The Linkscape index has been updated. There is fresh data for the last 30 days (we take into consideration in this article). What do the data give us? This update gives us the opportunity to see many interesting points about using a web search for tags and directives. Understand what's what.
For those who do not yet know what cononic tags are, a little help:
The canonical tag ( meta tag) was announced by Google on February 12, 2009. The purpose of this innovation is to spoil the duplicate content, indicating the preferred version of the URL address for the page. Yahoo and Microsoft have also reported on the introduction of this tag.
How does it look in practice? If your website or blog has different URLs for the same content, then the canonical tag will tell search engines the URL that should appear in the search. In this case, all characteristics, such as reference weight, etc., will be transferred to the correct version of the address.
A canonical tag is added inside the tag. HEAD. ... / HEAD. on pages with duplicate content (example):
. link rel = "canonical" href = "http: // www. site. ru / seo / stranitca. html ”/.
P. S. This is the basics for a reminder. Look for more on the Internet. I give a tip: you can look at Devaki.
Back to the topic. As shown by statistics from the data obtained, this tag is becoming increasingly popular with webmasters:
As you can see, the total number of using canonical links is small and takes less than 1% of all pages (just think). This means that repetitive content is still very common and takes a large share. So check your content.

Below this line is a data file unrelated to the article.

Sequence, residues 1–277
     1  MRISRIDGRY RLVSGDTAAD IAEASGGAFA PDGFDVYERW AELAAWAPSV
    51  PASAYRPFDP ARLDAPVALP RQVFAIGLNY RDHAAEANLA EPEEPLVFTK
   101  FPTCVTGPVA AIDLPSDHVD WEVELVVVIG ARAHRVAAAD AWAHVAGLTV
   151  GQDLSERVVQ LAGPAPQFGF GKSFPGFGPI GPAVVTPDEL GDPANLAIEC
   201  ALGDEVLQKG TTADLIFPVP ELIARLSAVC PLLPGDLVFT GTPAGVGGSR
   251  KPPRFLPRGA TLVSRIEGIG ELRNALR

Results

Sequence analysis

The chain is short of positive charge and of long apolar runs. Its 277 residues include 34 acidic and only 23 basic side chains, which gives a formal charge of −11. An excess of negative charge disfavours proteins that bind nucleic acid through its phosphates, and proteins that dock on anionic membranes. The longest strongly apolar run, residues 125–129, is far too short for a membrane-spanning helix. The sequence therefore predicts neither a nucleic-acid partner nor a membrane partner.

While the canonical tag is gaining its practical popularity, it is also impossible to say about the nofollow attribute, as can be seen from the following graph:
The percentage of use of nofollow goes down, both on external and on internal links. Although a greater blow falls on the internal. Most likely - this is due to the Google update on accounting links with nofollow. I will publish this topic in the next post. For now I’ve provided a link to the original article.
In the month of May, the Linkscape Index has the largest number of unique root domains ever indexed:
You can observe the graph of growth in the number of root domains below:
This graph indicates a large increase in the emergence of new domains in the network. Now let's look at the growth of the index:
Peak growth in early 2009 is associated with an increase in the size of the index at the request of users. The disadvantage of this increase is that it correlates poorly with quality. Therefore, the index itself requires improvements to account for large data and for a longer period. Index growth is planned to increase. The main task is the value of the link and page. If you do not take into account the surge in the index chart and compare it with the chart for the root domains, we see that the Linkscape index is almost the same size (an average of 44 million pages) and is undergoing slight changes. Why then on such a growth of domains, the index is not so big? The size ? quality.
P. S. Accept this schedule as unfinished. The guys will update the algorithms and everything will look more interesting.